Sunday, January 29, 2012

OLEANNA • HotCity Theatre

HotCity is kicking off their 2012 season with this tense, explosive play written by David Mamet, that will surely leave an impression as you head to your car after the show.

The play begins in the office of John (John Pierson), a college professor, who is meeting with one of his students, Carol (Rachel Fenton).  Carol, meek and self-effacing, has received a failing grade on a paper, and is seeking the help of her rather condescending, smug and verbose professor.  Carol admits that she is having a difficult time understanding John's class, his book, and just about everything he's saying most of the time.  She quotes from her extensive notes and frantically jots down everything he says to her, but she remains overwhelmed by the material, is offended by his assertion that higher education is like "systematic hazing", and thinks she's stupid.  John tries to console Carol by opening up and telling her that he wasn't the best student himself back in the day, but key points during this conversation are interrupted by phone calls from John's wife.  John, who's an inch away from being granted tenure along with a sizable raise, is also getting ready to close on a new high dollar house.  His wife keeps calling about last minute details and wants him to come out to the property.  After numerous interruptions, one coming just as Carol was going to reveal something about herself, John eventually offers to give her an "A" in the course if she would agree to come back to his office for talks about the coursework.  After an innocent hand on the shoulder is quickly shrugged off by Carol, the first act ends.

Rachel Fenton (Carol) and John Pierson (John).
Photos by Todd Studios
The second act reveals a more composed Carol, informing John that the tenure committee is reviewing her recent complaint against him -- accusations of sexual harassment and pornography.  John tries to make Carol understand that he had no ill intentions, but she'll have none of it.  The power starts to shift, and John is freaked out at the prospect of possibly losing his "in-the-bag" tenure.  In a desperate effort, as Carol starts to walk out of the office, John blocks her exit and she screams out for help.

The final scene shows that the arc of these two have completely been switched around.  Carol now wields all of the power, and John seems to be at her mercy.  The way this power swap happens however, is pretty whack.  Political correctness displayed from its worst angle.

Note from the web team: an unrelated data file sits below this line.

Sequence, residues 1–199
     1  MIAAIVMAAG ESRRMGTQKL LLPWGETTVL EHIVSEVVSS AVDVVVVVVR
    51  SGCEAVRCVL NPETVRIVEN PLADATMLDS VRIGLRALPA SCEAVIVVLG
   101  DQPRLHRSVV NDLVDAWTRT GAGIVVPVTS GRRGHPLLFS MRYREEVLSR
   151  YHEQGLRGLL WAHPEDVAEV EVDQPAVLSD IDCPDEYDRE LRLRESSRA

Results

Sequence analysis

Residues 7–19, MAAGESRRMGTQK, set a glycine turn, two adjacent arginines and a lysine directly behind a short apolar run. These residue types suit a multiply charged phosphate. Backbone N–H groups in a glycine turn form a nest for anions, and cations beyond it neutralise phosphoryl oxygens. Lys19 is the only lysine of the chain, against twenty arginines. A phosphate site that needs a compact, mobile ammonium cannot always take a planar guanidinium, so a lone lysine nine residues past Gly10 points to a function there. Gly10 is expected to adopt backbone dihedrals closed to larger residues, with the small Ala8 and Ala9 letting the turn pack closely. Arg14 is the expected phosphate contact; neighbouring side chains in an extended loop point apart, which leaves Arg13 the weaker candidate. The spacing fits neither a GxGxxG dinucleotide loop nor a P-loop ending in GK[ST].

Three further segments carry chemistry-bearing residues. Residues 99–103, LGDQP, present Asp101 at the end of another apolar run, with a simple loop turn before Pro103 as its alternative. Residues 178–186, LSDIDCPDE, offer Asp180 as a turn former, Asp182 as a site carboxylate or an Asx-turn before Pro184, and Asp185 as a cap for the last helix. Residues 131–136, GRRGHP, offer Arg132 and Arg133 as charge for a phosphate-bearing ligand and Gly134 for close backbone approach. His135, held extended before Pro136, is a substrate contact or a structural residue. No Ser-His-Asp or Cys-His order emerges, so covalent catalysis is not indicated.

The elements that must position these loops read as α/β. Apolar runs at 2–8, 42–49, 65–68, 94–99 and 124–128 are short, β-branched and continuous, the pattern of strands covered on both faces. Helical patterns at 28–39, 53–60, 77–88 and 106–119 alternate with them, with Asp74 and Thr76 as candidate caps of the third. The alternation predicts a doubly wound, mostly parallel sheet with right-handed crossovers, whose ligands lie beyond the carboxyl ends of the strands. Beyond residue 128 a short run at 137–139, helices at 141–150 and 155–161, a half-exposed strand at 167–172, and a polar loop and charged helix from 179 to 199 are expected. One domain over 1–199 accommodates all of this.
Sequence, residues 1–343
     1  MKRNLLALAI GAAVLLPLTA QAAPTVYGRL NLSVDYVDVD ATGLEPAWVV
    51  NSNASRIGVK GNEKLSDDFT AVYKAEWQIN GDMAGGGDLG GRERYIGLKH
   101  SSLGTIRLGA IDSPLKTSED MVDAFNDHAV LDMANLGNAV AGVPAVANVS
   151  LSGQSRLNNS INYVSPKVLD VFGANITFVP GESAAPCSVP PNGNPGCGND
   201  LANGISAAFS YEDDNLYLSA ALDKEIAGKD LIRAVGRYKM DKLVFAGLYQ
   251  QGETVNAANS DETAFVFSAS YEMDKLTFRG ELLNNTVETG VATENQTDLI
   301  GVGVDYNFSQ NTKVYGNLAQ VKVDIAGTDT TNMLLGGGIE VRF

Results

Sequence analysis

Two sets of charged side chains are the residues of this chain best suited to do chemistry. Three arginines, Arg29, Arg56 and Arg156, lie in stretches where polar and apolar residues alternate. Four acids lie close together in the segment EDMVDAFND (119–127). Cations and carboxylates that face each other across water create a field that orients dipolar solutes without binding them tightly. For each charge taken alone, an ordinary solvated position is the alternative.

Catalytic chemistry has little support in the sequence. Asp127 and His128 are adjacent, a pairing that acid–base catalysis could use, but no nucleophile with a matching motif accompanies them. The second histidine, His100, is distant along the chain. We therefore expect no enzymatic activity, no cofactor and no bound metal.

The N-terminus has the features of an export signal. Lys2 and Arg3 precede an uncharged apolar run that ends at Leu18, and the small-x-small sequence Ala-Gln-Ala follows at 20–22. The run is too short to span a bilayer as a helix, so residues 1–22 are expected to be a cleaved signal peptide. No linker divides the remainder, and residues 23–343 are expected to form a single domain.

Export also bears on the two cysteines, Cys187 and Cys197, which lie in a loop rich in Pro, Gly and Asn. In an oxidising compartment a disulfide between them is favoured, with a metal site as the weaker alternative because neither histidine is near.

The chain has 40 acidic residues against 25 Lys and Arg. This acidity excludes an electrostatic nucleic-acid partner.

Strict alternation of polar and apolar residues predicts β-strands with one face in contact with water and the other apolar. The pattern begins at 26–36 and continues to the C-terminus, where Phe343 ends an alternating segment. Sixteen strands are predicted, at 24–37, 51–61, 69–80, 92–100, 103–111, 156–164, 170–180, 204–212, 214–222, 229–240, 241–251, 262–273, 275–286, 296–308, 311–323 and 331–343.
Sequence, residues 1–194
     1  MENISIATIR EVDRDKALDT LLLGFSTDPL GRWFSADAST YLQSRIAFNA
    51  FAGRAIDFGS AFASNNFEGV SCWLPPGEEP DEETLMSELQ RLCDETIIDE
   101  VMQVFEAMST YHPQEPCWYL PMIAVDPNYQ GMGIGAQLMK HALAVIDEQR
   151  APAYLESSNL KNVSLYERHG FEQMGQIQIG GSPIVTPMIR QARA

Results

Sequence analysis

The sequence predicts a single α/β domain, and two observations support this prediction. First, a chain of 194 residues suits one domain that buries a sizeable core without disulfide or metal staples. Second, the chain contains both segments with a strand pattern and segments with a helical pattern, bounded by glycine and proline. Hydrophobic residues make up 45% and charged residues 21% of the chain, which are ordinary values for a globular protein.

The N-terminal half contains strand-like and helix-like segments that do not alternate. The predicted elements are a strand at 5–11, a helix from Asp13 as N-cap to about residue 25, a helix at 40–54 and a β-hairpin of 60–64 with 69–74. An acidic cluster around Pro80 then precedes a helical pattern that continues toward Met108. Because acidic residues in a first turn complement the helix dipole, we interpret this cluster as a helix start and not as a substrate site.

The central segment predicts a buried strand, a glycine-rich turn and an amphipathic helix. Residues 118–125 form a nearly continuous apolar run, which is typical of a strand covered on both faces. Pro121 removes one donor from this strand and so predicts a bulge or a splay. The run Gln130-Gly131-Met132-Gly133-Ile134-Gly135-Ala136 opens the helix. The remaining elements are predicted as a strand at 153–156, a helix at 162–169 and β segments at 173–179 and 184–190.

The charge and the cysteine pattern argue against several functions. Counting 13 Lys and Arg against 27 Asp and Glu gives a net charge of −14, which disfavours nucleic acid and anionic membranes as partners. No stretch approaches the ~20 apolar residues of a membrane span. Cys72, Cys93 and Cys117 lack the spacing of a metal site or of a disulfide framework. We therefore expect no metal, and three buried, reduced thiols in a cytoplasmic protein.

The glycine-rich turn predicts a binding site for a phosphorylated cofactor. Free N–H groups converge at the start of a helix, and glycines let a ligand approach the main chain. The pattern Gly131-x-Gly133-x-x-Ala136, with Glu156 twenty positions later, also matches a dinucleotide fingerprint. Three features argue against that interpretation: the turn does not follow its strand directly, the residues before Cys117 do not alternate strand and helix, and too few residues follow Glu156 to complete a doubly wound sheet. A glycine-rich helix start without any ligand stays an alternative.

John Pierson (John) and Rachel Fenton (Carol).
Photos by Todd Studios
These two characters, these stark representations, don't leave you with many options -- you're a misogynistic pig or an outrageous feminist.  No win.  But food for thought, no doubt.  Interestingly enough, Mamet wrote this play in 1992 -- right after the Clarence Thomas hearings.  Yeah.  Remember him?  Pubic hair on a soda can, anyone?

This play was a bold choice to me, and Annamaria Pileggi's precise direction propels this short three-act from the beginning, with the tension and pauses in all of the right places.  John Pierson was pitch-perfect as the professor who's just a little full of himself, but displays just enough affability to allow us to sympathize with him and the situation he's found himself in at the end.  Rachel Fenton's transformation from the weak powerless one to the calculated contemptible one was a little chilling -- in a good way.  The whole play takes place in John's office, and Lex Von Blommenstein's set served the story well, along with Mark Wilson' lighting design, Scott Breihan's costumes and sound by Michael Perkins.

It's quite a thought provoker that's only playing one more weekend at the Kranzberg.  Check it out and see what you think.


Written by David Mamet
Directed by Annamaria Pileggi
Kranzberg Arts Center, 501 North Grand Blvd.
through February 4 | tickets: $20 - $25
Performances Thursday and Friday at 8pm, Saturday at 3pm and 8pm, Sundays at 7pm

John Pierson* (John) and Rachel Fenton (Carol).
* Member Actors' Equity Association

Scenic design by Lex Von Blommenstein; lighting design by Mark Wilson; costume design by Scott Breihan; sound design by Michael Perkins; stage manager, Kate Koch.

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